What happens when your pet is sick or injured and your veterinarian needs to have a "closer look?" Sometimes, veterinarians need to use medical imaging to find out what's wrong with your furry friend to give them the best care possible. That's normal enough, but do you know what medical imaging is, what options exist in veterinary care, or how medical imaging affects your dog or cat? Read on to learn more!
What is medical imaging?
Medical imaging is a diagnostic tool that allows veterinarians to take pictures of your pet's organ systems in order to diagnose disease. A major benefit of medical imaging is that it is largely non-invasive, which means that no incision is necessary to produce an image of your pet.
Medical imaging may be recommended when a veterinarian believes there is a problem with your pet that cannot be detected using a basic physical exam or blood test, or to follow-up in response to abnormal findings.
Will my pet need anesthesia or sedation?
This depends on how nervous or painful your pet is during the procedure and to some degree on the type of imaging test performed. For most x-ray procedures, no sedation or anesthesia is needed unless your pet is in pain and such options make your pet more comfortable. Thorough ultrasound examinations typically require some form of sedation to ensure an accurate and complete imaging study can be performed.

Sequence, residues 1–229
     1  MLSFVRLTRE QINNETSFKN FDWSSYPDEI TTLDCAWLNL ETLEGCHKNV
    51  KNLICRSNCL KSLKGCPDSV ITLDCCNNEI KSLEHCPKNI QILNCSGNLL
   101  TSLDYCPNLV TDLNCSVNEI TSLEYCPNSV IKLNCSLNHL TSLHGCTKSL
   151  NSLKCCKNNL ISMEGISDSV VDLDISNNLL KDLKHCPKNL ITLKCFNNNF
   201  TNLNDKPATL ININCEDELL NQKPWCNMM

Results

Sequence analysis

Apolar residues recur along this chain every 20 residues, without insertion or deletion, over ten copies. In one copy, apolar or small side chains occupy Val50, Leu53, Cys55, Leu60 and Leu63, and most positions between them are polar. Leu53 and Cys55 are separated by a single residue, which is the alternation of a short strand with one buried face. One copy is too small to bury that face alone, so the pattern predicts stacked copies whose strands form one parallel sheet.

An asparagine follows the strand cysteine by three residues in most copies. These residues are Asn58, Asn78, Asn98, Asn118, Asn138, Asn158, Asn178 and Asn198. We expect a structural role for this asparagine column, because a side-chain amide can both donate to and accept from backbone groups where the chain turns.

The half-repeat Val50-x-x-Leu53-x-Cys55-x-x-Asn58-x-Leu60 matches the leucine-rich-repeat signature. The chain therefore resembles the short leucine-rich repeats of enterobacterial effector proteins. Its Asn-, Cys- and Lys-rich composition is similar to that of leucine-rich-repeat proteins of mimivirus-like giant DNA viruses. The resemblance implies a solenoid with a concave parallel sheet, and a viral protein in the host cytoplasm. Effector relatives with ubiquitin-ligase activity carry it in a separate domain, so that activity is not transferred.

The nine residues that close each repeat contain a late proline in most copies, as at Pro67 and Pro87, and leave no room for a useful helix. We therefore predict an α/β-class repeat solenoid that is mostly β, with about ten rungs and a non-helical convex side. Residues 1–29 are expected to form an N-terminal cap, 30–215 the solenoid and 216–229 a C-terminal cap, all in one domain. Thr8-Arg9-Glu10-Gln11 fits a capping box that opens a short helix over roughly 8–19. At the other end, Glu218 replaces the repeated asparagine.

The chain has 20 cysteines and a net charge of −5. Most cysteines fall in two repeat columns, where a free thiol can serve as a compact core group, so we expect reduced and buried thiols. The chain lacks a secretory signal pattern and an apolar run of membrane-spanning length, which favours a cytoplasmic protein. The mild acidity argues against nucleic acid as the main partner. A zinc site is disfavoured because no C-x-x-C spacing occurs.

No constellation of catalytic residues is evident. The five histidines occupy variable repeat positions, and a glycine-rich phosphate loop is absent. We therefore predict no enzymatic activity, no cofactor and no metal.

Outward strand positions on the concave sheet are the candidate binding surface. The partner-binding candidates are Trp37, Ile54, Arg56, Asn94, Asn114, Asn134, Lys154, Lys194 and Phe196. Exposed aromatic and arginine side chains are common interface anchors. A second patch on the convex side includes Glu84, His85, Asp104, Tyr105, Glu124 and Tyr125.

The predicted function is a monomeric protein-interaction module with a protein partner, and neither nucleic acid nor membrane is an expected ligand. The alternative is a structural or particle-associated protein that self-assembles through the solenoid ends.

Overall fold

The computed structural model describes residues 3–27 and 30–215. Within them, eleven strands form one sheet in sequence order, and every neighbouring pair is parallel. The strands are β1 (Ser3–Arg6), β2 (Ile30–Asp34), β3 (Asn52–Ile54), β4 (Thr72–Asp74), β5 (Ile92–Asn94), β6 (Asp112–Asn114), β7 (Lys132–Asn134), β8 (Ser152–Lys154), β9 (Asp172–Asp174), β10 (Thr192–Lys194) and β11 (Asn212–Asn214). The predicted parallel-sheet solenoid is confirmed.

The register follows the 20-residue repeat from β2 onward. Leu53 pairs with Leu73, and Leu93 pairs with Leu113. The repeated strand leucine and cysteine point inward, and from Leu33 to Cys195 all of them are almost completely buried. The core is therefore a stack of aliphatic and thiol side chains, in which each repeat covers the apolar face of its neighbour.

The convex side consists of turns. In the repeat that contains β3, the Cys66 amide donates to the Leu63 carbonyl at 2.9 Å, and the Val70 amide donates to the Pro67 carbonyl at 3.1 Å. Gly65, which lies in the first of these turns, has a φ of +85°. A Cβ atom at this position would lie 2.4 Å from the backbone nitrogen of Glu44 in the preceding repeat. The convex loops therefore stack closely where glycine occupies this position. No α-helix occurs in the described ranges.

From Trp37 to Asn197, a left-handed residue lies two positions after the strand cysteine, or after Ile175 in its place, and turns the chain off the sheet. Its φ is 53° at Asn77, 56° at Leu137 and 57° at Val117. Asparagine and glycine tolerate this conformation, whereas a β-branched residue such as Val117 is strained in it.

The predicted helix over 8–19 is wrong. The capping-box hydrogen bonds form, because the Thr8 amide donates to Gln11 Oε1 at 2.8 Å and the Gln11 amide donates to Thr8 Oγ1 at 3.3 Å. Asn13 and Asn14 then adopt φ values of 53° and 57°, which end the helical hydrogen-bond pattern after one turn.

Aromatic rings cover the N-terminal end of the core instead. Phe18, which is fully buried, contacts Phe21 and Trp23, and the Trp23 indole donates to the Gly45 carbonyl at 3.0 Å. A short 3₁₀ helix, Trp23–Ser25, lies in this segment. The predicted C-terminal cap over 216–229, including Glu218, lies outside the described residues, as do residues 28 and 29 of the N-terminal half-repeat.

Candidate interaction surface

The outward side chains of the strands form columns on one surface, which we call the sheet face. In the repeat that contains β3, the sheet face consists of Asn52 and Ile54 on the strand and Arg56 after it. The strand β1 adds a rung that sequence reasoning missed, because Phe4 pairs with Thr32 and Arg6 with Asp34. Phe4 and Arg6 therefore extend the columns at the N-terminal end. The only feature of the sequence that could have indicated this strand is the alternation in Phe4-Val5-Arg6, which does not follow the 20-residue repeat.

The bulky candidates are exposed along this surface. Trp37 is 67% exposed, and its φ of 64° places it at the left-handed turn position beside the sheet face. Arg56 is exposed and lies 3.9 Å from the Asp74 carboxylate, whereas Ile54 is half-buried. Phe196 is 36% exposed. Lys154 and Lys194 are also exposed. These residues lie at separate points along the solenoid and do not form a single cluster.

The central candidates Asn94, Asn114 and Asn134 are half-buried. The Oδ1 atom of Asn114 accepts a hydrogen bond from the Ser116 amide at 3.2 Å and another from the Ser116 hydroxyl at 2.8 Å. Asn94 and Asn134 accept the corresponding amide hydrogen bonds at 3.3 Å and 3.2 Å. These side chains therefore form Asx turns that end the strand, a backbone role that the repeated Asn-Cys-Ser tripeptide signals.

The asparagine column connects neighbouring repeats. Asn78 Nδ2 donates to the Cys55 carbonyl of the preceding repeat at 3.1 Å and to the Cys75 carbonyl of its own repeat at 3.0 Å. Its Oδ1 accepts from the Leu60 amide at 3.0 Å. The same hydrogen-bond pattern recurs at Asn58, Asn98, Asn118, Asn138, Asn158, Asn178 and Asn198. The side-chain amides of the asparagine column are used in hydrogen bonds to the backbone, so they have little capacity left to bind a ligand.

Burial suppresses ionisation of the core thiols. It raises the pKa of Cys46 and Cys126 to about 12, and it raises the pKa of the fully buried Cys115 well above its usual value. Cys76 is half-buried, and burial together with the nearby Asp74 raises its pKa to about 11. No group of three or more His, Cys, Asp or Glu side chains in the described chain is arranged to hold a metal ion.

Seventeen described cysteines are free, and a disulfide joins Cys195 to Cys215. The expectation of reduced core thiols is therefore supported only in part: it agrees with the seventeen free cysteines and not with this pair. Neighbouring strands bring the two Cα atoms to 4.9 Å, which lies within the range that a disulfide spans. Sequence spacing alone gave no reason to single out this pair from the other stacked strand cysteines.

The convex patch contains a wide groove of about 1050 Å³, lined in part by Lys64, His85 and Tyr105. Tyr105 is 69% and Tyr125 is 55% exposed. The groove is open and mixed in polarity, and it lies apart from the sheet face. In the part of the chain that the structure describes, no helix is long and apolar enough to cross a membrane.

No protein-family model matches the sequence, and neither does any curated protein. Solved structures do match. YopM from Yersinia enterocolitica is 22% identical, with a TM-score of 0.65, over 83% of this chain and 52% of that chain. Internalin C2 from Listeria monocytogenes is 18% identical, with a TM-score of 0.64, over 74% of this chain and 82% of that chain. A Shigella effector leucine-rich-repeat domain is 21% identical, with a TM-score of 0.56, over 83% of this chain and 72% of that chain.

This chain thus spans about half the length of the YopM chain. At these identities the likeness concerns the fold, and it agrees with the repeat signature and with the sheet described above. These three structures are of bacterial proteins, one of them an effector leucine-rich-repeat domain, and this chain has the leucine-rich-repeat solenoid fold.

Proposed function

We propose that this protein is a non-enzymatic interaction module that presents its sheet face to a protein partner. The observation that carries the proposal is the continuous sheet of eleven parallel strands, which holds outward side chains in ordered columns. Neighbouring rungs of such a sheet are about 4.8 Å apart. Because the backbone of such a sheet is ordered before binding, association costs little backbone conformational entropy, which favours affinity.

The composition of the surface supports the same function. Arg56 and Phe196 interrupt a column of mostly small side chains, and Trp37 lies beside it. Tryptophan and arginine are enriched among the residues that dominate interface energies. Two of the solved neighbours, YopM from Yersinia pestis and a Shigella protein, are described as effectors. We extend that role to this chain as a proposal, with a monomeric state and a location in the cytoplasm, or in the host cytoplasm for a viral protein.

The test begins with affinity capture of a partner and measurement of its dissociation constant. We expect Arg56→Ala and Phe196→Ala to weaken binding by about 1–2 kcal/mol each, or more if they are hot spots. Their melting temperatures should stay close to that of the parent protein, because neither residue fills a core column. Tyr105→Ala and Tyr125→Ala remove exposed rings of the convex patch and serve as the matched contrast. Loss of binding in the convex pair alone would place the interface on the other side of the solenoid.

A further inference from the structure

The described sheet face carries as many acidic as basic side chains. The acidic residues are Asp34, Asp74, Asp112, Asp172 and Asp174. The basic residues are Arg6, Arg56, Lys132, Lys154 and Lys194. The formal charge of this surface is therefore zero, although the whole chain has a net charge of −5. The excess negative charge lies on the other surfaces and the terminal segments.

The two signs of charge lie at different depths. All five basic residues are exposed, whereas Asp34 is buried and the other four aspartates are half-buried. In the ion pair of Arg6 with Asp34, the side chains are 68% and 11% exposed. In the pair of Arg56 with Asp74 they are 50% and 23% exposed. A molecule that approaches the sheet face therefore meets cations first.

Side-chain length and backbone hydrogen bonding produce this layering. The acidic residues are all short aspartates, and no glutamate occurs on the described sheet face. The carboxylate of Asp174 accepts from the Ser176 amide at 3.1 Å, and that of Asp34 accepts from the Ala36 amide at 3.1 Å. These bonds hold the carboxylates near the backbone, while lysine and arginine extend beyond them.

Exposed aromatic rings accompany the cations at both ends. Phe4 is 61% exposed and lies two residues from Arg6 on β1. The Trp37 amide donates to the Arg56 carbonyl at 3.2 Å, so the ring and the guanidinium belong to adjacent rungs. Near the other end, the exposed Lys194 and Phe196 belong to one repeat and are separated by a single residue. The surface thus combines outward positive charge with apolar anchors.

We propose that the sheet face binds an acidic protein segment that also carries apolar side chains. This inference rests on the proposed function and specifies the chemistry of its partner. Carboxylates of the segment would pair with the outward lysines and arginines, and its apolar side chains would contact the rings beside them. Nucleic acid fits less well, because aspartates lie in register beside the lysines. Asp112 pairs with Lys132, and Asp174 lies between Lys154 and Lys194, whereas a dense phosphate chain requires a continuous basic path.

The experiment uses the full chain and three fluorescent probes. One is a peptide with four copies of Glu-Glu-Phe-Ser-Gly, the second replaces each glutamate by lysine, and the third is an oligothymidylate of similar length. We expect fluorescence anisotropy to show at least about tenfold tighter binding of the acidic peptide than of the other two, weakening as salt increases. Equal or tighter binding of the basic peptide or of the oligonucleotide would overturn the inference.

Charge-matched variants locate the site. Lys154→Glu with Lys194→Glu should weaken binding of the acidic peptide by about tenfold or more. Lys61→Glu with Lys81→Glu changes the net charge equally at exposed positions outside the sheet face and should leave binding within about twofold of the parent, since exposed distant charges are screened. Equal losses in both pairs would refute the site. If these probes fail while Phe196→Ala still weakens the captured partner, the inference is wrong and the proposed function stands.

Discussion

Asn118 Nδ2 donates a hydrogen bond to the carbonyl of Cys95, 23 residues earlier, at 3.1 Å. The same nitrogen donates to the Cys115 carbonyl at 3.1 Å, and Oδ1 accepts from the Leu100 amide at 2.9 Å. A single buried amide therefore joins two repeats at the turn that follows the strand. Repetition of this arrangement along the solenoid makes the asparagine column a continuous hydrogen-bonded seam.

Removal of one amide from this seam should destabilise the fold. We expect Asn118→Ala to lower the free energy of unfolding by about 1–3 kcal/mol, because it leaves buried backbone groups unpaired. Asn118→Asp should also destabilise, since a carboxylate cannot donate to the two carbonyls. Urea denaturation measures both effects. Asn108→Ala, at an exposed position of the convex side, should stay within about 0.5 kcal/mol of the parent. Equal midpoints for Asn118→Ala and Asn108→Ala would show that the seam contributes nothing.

Does medical imaging always provide the final diagnosis?
That’s the goal, and occasionally it is possible to obtain a final answer from an imaging test. For example, x-rays might reveal a fracture as the cause of a limp or an ultrasound examination might clearly show a bladder stone. Many times, however, the results of multiple tests are needed to determine a diagnosis. In fact, imaging tests often reveal the need for a totally different type of test, such as a biopsy. As a pet owner, you should be prepared for a logical progression of fact-finding, through multiple tests, to determine a final diagnosis of your pet’s ailment.